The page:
Sean Tejaratchi is an American graphic designer, art director and writer.
He is currently based in Los Angeles, but cut his teeth working on alt-weeklies in Portland, Oregon in the 90s.
Sean is known for creating the clip art zine Crap Hound, and was voted one of "The 25 Funniest People on Twitter" by Rolling Stone in 2012. He also is known for the blog LiarTownUSA that defined what a modern satirist is in the early 2000s.
I originally wanted Issue No.7 to be easy and relaxing.
I started planning things in 1999, when I was exhausted from the previous volume of Death, Phones, and Scissors. I wanted a smaller seventh issue, something with more modest, manageable topics. I wanted a relaxing, 52-page vacation.
The fun times I’d imagined evaporated a few days after September 11th, 2001. Email inboxes and bumpersticker catalogs were flooded with religious and patriotic mumbo jumbo. Faced with an unending parade of pixelated eagles sobbing in the smoke of the Twin Towers, a light and easy issue suddenly seemed a tad frivolous. It was time for Church & State.
When the first edition came out, the cover read “Church & State: Part One.” There were plenty of images I couldn’t fit into the bindery limit of 100 pages, and I planned to break it into two full issues. Part Two would come out at some not-too-distant point in the future. But other things came up, and before long I’d shoved the extra material in a drawer to make room for other projects. A couple of years later I even made the Superstition issue. For some reason it was psychologically easier to construct a whole new issue than work on more of the same topic. Some of my reluctance was due to Americana fatigue, but I also hated the feeling that it had become an obligation.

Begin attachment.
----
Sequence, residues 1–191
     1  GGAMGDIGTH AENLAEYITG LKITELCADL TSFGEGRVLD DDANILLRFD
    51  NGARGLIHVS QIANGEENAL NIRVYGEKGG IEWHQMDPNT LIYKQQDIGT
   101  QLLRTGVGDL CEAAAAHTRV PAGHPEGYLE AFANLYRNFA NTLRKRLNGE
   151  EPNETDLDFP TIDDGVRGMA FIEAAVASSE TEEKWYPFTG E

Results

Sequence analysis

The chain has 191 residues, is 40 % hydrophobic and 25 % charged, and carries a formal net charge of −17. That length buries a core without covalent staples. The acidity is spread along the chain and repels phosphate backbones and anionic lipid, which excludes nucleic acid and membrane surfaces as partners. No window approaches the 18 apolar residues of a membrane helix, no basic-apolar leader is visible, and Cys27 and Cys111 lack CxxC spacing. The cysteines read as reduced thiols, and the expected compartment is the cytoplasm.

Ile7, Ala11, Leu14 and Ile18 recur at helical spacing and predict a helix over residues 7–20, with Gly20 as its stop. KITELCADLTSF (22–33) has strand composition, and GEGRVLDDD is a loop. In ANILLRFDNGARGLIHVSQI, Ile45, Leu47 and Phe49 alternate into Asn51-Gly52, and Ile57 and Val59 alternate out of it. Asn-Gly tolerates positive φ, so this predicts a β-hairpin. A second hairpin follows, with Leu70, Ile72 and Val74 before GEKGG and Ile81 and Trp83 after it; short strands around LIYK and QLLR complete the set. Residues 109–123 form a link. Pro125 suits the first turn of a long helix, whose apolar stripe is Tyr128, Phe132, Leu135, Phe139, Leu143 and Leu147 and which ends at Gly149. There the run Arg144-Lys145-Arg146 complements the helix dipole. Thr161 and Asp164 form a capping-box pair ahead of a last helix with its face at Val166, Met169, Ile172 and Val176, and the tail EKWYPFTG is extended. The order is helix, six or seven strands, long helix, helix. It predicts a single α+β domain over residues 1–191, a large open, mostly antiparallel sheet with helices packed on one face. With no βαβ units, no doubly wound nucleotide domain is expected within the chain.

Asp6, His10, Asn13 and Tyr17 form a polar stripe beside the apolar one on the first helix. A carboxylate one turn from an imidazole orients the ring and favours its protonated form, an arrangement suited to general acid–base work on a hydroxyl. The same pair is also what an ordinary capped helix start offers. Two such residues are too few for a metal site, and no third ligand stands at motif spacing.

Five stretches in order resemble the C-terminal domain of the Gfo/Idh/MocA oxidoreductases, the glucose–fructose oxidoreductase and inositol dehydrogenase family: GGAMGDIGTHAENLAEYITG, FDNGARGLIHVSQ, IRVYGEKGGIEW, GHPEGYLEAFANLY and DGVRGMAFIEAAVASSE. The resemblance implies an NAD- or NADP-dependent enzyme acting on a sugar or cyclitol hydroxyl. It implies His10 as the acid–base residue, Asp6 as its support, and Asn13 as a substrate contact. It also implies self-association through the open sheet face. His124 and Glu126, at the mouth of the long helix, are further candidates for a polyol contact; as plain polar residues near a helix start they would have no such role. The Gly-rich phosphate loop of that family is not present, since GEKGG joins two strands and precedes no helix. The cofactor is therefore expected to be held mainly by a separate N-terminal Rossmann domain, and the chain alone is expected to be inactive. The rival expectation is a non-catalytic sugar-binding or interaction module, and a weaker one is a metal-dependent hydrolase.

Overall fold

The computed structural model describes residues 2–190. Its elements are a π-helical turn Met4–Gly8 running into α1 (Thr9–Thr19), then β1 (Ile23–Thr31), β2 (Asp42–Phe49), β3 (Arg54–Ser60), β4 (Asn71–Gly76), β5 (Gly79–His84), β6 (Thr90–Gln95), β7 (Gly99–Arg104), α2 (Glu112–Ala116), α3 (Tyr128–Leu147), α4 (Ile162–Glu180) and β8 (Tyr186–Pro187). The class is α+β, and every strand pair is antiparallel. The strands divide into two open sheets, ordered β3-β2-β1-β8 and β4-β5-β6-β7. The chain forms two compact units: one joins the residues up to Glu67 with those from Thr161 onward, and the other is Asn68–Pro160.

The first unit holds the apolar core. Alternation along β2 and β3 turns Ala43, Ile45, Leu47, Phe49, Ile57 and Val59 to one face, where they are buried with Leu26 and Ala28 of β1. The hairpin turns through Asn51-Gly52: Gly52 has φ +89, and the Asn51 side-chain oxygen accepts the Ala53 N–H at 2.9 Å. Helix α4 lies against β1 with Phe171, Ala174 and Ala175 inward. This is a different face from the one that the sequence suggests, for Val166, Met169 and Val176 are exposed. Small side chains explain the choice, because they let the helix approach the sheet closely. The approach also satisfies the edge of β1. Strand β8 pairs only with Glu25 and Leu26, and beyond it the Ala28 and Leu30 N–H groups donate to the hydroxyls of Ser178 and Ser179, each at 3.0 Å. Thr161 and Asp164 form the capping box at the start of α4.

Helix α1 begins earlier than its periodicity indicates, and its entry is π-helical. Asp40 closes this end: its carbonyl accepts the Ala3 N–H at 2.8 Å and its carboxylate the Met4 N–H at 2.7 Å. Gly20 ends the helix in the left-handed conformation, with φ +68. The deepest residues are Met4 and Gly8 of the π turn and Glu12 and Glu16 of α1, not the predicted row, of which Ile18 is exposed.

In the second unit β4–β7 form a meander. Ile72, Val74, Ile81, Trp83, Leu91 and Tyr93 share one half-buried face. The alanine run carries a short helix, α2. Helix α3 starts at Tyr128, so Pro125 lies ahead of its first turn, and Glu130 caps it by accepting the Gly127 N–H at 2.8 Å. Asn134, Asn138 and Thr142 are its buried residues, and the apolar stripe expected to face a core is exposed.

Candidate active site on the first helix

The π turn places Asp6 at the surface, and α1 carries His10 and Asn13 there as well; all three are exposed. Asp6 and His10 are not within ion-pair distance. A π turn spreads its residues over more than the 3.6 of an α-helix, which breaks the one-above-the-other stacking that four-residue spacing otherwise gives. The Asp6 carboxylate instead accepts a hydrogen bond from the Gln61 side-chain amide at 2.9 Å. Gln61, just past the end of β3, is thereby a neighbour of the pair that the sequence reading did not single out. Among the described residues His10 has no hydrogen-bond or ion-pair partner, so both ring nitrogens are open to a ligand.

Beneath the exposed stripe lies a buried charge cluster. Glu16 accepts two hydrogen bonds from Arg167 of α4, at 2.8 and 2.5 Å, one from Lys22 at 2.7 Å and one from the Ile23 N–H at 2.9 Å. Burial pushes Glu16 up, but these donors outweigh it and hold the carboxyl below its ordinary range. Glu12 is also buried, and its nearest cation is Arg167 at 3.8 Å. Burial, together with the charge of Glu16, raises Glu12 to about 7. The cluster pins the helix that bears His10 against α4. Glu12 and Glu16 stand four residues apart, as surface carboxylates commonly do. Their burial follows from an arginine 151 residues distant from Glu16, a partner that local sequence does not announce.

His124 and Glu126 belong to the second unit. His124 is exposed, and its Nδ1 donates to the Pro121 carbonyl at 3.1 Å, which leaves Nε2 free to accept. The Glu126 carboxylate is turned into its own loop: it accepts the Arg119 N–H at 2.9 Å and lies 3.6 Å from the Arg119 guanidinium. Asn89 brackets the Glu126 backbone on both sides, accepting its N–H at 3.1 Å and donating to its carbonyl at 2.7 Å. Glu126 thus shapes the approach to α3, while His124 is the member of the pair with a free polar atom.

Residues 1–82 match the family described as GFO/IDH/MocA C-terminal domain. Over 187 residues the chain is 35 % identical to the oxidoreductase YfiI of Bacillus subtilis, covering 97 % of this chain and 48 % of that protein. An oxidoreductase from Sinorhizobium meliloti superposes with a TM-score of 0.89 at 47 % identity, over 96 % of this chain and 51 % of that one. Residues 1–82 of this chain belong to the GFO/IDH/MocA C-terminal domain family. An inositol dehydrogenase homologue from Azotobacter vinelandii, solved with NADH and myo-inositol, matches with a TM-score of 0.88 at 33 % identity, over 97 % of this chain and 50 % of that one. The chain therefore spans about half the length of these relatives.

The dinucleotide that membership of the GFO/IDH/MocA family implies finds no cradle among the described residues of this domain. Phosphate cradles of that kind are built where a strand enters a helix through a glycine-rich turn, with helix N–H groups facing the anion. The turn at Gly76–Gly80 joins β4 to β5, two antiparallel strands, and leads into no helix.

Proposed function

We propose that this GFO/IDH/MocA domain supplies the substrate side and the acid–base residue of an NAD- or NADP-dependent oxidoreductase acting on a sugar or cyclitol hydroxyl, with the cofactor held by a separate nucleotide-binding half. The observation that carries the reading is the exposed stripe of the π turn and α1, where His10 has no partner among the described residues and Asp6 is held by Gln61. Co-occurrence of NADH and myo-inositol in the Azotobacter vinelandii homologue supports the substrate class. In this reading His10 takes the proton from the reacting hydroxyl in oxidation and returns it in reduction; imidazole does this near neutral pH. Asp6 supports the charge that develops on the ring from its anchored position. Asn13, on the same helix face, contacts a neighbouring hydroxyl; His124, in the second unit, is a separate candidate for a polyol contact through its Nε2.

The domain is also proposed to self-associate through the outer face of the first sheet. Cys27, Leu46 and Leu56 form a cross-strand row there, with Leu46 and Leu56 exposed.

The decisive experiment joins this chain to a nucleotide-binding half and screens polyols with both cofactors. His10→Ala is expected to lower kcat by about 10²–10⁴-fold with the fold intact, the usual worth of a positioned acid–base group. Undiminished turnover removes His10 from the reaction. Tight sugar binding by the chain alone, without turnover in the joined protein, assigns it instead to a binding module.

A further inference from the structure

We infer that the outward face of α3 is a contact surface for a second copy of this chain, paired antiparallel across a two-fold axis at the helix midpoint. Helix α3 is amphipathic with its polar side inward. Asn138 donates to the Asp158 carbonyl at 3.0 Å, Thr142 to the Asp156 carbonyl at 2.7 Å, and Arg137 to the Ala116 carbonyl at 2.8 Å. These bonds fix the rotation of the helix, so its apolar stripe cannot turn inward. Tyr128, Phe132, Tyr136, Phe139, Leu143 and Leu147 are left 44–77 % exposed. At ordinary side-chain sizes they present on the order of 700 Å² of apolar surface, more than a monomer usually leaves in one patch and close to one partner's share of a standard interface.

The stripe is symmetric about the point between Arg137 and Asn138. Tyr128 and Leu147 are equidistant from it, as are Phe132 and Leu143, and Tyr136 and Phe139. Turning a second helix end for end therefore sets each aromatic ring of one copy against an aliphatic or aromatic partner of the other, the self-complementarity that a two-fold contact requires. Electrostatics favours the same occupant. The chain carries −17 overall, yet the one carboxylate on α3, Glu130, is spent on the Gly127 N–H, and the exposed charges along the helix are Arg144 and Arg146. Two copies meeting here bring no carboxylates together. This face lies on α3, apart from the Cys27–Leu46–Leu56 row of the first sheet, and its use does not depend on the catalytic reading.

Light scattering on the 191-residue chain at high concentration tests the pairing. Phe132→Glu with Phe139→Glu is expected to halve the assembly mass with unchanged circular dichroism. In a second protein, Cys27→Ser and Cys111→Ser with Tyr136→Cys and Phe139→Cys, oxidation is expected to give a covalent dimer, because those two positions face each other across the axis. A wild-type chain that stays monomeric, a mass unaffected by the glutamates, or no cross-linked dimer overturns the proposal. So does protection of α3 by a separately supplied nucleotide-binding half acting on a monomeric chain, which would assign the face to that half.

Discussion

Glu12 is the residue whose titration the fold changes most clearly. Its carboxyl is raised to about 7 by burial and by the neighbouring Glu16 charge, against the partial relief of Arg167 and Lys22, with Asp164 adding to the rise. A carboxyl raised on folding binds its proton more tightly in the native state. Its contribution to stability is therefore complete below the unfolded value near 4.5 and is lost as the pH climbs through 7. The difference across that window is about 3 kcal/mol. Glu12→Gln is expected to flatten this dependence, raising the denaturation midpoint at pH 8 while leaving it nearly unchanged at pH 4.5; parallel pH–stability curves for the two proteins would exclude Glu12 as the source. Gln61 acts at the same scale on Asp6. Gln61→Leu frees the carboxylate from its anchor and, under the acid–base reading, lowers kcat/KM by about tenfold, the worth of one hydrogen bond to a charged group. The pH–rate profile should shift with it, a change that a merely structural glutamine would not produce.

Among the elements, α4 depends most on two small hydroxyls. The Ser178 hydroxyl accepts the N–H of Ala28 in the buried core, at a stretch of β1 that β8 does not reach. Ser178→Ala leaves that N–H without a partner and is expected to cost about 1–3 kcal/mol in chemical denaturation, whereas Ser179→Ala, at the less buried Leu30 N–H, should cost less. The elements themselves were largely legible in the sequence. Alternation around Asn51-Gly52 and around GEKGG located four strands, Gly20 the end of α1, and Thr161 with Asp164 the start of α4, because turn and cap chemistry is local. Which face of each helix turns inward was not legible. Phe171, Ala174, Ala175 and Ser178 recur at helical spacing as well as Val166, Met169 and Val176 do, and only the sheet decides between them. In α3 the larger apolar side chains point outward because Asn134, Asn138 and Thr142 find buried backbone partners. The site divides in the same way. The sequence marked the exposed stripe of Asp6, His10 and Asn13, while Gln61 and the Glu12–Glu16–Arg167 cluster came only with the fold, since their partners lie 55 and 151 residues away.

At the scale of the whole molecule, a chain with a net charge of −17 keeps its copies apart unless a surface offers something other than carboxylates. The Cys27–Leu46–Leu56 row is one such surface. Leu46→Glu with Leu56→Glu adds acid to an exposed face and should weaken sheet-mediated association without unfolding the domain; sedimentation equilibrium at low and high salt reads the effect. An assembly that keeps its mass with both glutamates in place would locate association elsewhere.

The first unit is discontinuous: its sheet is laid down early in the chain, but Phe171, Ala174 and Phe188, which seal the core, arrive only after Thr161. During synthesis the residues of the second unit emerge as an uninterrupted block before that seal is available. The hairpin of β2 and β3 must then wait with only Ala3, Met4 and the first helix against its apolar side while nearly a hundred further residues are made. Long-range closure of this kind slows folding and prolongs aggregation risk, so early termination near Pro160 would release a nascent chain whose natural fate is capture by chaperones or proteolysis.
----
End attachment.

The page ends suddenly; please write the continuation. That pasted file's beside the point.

In 2017, I finally assembled the saved material into a 24-page addendum to be included with the main issue. Those pages are no longer being included as a supplement. They and the addendums for two other issues are now part of an issue called “Collected Extras and Black Cat Mini-Issue,” listed on the opposite page.
In 2020, I put another 12 pages of new material into the “Additions 2020” issue, and there are now 24 more in “Additions 2023” issue.
Any questions? Lovely. I declare everything clarified. I hope you enjoy this issue’s sacred, star-spangled pleasures, and, as always, thank you for reading.